MIT Visualizing Cultures

Selling Shiseido – Lesson 03

Cosmetics as History
By Karen Johnson & Patty Koller

What is the definition of a beautiful Japanese girl or woman? Does the ideal of beauty change over time? If so, do the changes reflect changes in culture or are they driven by how advertisers want people to think of beauty?

In this lesson, students will explore historical changes in the definition of beauty in Japan. The lesson draws on advertising done by the Shiseido Company of Japan from 1877 to 1960, and looks at changes in the advertising of products over time. The focus of the lesson is not the products themselves, but the evolution of the advertising as it pertains to, or reflects, the changing image of women in Japan. One very important aspect of this change occurred in marketing and packaging during World War II.

Students will use Visualizing Cultures to make an evolutionary study of images of Japanese women. They will study various art styles prevalent in Japan from 1877 to 1960, then analyze the different types of women that emerged during the Meiji period and the role advertising had in their creation. The students will then use this information to create their own advertisement for Shiseido cosmetics.

Additional background for teachers is provided in the Teacher Background Notes.

Grade Level and Courses
Secondary social studies, history, art history, women’s studies, marketing

Time Required
Three to five class periods

Materials and Preparation
Prior to beginning the lesson, teachers should read the Teacher Background Notes and examine the recommended images.

If possible, gather some cosmetics from Shiseido and corresponding products from a U.S. company, such as Maybelline or Cover Girl.

Handout 03-A, Vocabulary List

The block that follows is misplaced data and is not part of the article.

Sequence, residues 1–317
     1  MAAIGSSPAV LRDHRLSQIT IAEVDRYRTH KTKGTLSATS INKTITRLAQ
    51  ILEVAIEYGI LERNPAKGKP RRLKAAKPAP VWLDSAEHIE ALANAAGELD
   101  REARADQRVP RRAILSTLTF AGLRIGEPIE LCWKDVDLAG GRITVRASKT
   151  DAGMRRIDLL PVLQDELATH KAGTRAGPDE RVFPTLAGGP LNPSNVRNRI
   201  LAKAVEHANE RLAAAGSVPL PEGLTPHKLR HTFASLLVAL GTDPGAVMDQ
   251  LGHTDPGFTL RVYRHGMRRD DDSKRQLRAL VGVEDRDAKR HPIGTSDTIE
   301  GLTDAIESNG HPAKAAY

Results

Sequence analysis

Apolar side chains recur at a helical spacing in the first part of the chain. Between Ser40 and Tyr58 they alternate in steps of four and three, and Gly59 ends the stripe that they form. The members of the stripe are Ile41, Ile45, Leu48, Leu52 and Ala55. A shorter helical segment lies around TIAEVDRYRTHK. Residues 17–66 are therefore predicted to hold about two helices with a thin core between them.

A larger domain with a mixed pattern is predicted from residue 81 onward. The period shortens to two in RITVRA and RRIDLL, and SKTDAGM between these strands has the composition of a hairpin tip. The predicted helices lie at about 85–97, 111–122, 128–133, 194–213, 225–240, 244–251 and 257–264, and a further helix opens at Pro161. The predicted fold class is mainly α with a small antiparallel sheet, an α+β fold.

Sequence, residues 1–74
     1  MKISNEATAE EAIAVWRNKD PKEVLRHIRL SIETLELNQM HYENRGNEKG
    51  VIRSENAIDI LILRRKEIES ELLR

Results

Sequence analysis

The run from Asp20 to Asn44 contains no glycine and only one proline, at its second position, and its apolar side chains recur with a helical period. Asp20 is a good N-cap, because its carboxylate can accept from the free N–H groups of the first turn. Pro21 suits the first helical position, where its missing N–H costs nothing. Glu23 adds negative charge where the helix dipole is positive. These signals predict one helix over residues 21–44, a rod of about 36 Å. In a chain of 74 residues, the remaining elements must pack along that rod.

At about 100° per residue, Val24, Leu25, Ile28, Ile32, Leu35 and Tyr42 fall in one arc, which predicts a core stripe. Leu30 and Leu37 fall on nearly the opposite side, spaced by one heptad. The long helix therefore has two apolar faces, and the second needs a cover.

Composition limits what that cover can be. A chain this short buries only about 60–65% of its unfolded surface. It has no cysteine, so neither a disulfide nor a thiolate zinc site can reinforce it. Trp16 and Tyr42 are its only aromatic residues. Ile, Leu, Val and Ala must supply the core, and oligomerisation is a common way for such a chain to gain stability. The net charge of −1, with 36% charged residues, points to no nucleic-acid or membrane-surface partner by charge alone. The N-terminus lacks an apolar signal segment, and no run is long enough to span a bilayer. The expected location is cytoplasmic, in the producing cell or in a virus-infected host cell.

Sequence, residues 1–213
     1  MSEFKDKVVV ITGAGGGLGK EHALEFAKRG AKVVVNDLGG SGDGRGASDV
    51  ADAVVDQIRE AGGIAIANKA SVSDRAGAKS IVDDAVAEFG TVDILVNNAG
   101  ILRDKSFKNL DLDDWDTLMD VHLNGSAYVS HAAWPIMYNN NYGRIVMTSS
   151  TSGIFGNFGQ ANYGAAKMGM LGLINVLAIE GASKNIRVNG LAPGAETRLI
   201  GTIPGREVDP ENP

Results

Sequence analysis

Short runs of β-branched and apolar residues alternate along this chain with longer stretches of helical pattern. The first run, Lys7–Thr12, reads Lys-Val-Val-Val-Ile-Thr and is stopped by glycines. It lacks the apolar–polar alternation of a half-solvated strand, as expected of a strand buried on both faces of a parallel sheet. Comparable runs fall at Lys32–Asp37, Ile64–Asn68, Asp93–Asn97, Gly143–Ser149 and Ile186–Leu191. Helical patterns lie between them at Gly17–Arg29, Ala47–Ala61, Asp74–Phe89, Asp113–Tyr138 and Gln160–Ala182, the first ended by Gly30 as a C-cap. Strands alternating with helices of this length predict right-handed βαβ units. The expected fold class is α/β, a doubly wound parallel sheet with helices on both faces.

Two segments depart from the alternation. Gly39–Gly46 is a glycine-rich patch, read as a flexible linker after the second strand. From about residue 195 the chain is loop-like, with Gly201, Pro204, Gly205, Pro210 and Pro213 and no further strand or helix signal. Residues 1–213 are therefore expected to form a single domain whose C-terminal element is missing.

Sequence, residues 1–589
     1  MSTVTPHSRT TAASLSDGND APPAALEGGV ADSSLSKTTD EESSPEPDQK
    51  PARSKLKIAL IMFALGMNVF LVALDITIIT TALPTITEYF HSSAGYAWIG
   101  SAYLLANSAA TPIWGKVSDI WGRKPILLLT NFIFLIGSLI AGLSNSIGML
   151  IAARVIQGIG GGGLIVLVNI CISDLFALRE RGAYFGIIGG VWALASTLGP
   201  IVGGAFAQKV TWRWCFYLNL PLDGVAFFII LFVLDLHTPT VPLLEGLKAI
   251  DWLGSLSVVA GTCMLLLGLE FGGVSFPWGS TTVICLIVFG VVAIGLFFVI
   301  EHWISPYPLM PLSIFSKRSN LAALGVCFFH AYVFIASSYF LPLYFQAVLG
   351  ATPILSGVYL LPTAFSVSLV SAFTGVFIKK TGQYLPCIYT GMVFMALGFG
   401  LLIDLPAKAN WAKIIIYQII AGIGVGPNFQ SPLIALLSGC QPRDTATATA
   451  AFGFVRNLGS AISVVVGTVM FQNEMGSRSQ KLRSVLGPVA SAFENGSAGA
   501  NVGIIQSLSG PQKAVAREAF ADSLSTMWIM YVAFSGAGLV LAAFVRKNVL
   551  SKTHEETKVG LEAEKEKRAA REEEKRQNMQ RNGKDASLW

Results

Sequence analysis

Handout 03-B, Three Styles of Art in the Early-20th Century
Handout 03-C, Analyzing Visuals: The Five Cs
Handout 03-D, Five Types of Japanese Women

Download or bookmark the examples of the three art styles and the Selling Shiseido III Image Galleries so you can easily show them to students using an LCD projector.

Art Nouveau:
Gazette du Bon Ton
Makeup Beauty Techniques Sheets
Art Deco:
Shiseido Poster
Shiseido Poster
Shiseido Pamphlet

Arrange for the necessary technology to allow students to view the Selling Shiseido II Visual Narratives in small groups.

At the conclusion of this activity, students will be better able to:

1. Describe how Shiseido’s advertising and marketing of cosmetics to Japanese women changed over time.

2. Explain how this evolution reflected changing societal expectations and opportunities for women.

3. Analyze images and categorize them by time period based on certain characteristics.

4. Recognize popular art styles of this period.

1. Show cosmetic products from the Shiseido line and corresponding examples from a U.S. company such as Maybelline or Cover Girl. Begin the discussion by asking whether students recognize the Japanese company and/or its products. Highlight the products with which they are familiar. Ask such questions as:

• What are these products used for?
• Who uses “beauty products”?
• How important is advertising in selling these products?
• Do cosmetic companies aim their advertising at different groups of people? How do they do this?